“I have a house here with my wife,” one captain said. “We fell in love with Ft. Lauderdale, the lifestyle, the people, the weather. It all made me feel at home.”


“I live here because this is where the work is, and the reason for that is because everything is here,” another captain said.


But home isn’t always the deciding factor. One captain at the lunch lives in the Midwest and summers there with the yacht. This captain can take the vessel any place for winter. It returns to Ft. Lauderdale each year.


“It may be faster and cheaper in Jacksonville, but the boss is fine with me bringing it here,” this captain said.


“By now, our families are all here,” another said. “Everybody’s intent on keeping the industry here; I don’t think the industry will ever leave here.”


These captains talked about the kindness of workers here, some offering rides when they needed them, most simply being hospitable.


But aren’t there other places in the world where the facilities are just as nice, where you can find the same sort of support?


Not really, they agreed.


“Newport’s nice,” one captain said. “The atmosphere, there’s a good quality of work and craftsmen. But it’s cold there much of the year.”


“In Ft. Lauderdale, the airport is very convenient,” another said. “Even in Newport, the airport is 40 minutes away. In Maine, it’s even worse.”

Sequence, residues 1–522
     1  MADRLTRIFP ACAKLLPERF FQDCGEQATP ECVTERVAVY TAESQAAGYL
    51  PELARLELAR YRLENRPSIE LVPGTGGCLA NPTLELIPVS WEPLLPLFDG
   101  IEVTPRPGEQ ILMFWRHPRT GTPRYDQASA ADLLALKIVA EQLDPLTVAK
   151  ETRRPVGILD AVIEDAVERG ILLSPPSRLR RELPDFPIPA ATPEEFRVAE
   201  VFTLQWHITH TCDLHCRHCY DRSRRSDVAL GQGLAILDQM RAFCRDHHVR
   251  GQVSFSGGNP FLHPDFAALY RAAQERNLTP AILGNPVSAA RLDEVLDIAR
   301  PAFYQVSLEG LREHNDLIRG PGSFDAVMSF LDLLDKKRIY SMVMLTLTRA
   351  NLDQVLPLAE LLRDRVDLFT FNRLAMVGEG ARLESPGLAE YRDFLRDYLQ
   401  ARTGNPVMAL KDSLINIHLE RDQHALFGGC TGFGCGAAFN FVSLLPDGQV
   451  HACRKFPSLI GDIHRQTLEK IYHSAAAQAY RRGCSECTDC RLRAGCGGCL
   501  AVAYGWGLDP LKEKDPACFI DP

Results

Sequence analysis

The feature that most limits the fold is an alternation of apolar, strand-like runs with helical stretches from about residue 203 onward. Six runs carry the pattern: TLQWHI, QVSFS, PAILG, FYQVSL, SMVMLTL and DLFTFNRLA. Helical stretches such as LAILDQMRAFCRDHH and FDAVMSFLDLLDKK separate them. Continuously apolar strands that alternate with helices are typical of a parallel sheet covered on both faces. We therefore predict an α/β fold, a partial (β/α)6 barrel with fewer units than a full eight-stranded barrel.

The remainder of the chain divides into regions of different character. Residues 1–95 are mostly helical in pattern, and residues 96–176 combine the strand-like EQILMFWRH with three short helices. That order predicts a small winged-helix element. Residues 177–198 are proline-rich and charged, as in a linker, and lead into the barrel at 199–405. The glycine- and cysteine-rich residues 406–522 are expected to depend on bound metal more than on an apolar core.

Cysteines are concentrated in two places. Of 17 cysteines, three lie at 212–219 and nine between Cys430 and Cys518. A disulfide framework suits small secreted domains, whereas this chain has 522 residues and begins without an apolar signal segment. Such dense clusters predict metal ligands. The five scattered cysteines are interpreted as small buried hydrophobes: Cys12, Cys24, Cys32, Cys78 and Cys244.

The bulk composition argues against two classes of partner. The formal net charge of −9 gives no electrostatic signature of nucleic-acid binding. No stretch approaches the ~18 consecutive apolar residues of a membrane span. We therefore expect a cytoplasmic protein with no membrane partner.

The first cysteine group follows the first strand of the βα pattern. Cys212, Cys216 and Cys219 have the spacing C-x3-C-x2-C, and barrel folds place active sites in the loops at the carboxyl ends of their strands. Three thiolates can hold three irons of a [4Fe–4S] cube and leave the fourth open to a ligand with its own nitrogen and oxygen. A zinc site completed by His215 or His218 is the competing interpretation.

“I like San Remo in Italy,” said a third. “The contractors are amazing, the facilities are great, there are several fantastic little yards.”


“But you have to organize yourself,” another captain said. “If you need something, you can’t just drive somewhere and get it. Even if you can, it doesn’t work that way. You’ve got to know the system and work at it. They take two-and-a-half-hour lunches.


“You need the convenience of free-market competition,” this captain said. “Who will stock what you need? There’s a whole corridor here that caters to yachting and Ft. Lauderdale is in the middle of it.”


“When I look where my preferred vendors are, some are in Miami, some are here, some are in Palm Beach, so I’m happy to come here,” another captain said.


But Ft. Lauderdale is not without its pitfalls. Not enough of the shipyards have facilities for crew, a few captains said, and traffic on 17th Street is often a challenge.


Opening a road through the port to bypass the tourist traffic on 17th street “would be a godsend,” one captain suggested.


“Traffic on 17th Street is a nightmare,” this captain said. “You have to commit half an hour to get from the bridge to 95.”


Another captain said the city should provide easier transportation from the shipyards on State Road 84 to vendors farther east with a shuttle bus, or perhaps expanding the water taxi farther up the New River.


But those transportation burdens pale in comparison to what Ft. Lauderdale offers these captains for both the ease of their working lives as well as the enjoyment of their personal lives.


“They’re almost going to have to drive us out,” one captain said. “We’re going to take a lot because everything is here. Everything works because everything is here.


“It’s a hub,” another captain said. “It seems indestructible to me.”


Lucy Chabot Reed is editor of The Triton. Comments on this story are welcome at If you make your living working as a yacht captain, e-mail us for an invitation to our monthly Bridge luncheon.